but I have one more question tho.. Is it ok to use R that I found from a conservative field in the word doc?

I assume I can do that because J=σE is dependent on the material property of the conductor and geometry. So once I found R with respect to a conservative field, it should not change when the non-conservative fields are applied. (The generalized resistance equation for R is defined with respect to voltage, not EMF)

This is where I got confused. R is the same for conservative fields and non-conservative fields? It sort of makes sense because it's a material property, but I am not 100% sure.
 
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  • #8
rude man
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Consider a generator with zero resistance as in your word figure of sect. 2: there can be no net E field in the generator wire yet we know from Maxwell that a non-conservative E field is generated - again as you say.

In the wire, in order to reconcile this paradox, an equal and opposite E field is generated in the generator wire which is conservative, yielding net zero E field. Further, since the circulation of a conservative field has to be zero it follows immediately that the E field in the external resistor R is 100% conservative and equal but opposite to the conservative E field in the generator..

Call the non-conservative field ## \bf E_m ## and the conservative field ## \bf E_s ##. The total E field is just ## \bf E_m + \bf E_s ## vectorially, everywhere around the circuit.

The relations are then
## emf = \int \bf E_m \cdot \bf dl ## (integration thru all the wire);
since ## \oint \bf E_s \cdot \bf dl = 0 ## it also follows that
## \oint \bf E \cdot \bf dl = emf ## numerically. Again, as you state.

Whereas
voltage V = ## \int \bf E_s \cdot \bf dl ##. Circulation of this integral follows Kirchhoff's voltage law ## \Sigma \Delta V = 0 ##.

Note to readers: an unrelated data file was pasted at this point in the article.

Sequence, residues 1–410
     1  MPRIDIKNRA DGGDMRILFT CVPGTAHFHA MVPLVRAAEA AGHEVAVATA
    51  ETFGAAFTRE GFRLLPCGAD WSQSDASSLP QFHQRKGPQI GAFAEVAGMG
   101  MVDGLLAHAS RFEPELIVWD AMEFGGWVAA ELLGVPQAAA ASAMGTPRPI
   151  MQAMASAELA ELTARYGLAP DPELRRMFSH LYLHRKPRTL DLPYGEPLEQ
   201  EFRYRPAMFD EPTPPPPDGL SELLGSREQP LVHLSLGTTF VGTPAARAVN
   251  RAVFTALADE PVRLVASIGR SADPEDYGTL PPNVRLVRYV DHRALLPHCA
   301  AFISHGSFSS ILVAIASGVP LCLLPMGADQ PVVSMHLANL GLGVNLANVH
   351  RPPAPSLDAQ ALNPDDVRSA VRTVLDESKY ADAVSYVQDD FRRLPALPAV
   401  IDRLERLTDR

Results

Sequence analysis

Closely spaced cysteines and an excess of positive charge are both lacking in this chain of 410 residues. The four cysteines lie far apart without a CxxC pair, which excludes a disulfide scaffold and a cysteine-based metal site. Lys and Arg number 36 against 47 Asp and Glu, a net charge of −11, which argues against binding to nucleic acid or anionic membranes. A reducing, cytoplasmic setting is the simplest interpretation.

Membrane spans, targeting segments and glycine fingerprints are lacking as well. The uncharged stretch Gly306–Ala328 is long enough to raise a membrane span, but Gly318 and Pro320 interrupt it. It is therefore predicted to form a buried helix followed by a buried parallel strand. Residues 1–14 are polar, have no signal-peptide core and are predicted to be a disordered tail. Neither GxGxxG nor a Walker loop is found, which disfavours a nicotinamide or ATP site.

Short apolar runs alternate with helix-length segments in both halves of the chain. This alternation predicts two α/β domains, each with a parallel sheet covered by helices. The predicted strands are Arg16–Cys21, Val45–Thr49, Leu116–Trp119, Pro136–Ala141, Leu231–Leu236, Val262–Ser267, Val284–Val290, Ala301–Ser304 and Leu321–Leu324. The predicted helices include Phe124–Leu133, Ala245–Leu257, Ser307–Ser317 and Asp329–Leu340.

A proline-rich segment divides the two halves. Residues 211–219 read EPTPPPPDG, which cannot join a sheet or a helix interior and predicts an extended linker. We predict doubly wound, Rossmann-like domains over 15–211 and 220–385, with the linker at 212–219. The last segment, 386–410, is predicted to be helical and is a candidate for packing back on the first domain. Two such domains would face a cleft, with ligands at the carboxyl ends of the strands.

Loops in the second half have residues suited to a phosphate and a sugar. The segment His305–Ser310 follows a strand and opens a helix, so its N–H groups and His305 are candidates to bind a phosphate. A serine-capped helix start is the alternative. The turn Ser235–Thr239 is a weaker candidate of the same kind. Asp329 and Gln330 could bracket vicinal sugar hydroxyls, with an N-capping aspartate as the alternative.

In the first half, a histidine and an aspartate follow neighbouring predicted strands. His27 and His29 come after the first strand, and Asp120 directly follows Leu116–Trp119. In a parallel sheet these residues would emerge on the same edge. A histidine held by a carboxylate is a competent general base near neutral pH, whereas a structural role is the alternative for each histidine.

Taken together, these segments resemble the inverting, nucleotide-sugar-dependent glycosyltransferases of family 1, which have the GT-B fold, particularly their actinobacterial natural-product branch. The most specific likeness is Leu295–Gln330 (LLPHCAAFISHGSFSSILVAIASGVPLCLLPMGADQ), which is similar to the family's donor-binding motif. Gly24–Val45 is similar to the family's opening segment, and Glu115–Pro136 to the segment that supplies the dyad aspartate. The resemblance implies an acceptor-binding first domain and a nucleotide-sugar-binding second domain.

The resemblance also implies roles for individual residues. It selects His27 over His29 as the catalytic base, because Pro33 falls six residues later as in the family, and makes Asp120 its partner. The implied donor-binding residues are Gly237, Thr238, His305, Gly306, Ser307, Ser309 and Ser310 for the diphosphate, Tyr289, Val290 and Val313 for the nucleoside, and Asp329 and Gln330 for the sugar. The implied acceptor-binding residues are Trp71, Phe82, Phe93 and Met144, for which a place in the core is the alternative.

If there is resistance in the generator wire then the ## E_s ## field is reduced by the amount ## iR_{int} ## where i = current.
## \oint \bf E_s \cdot \bf dl = 0 ## still of course. Current i is consequently reduced by the internal wire resistance to ## emf/(R + R_{int}). ##. emf is unaffected.

I recommend my blog https://www.physicsforums.com/threads/how-to-recognize-split-electric-fields-comments.984872/
for further study.
 
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  • #9
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I don’t know why you bother posting math when you have been clearly shown that your concept is mathematically invalid. You can’t have it both ways. Your idea cannot both be mathematical and yet you be ok with the mathematical contradictions pointed out in your insights.
 
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  • #10
rude man
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@Dale We don't agree so please let me have my say. Thank you.
 
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I have let you have your say by not deleting it, but that doesn’t mean that I should be quiet and let a student be confused
 
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  • #12
vanhees71
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Fortunately math is right or wrong and not a matter of opinion! I couldn't agree more with @Dale !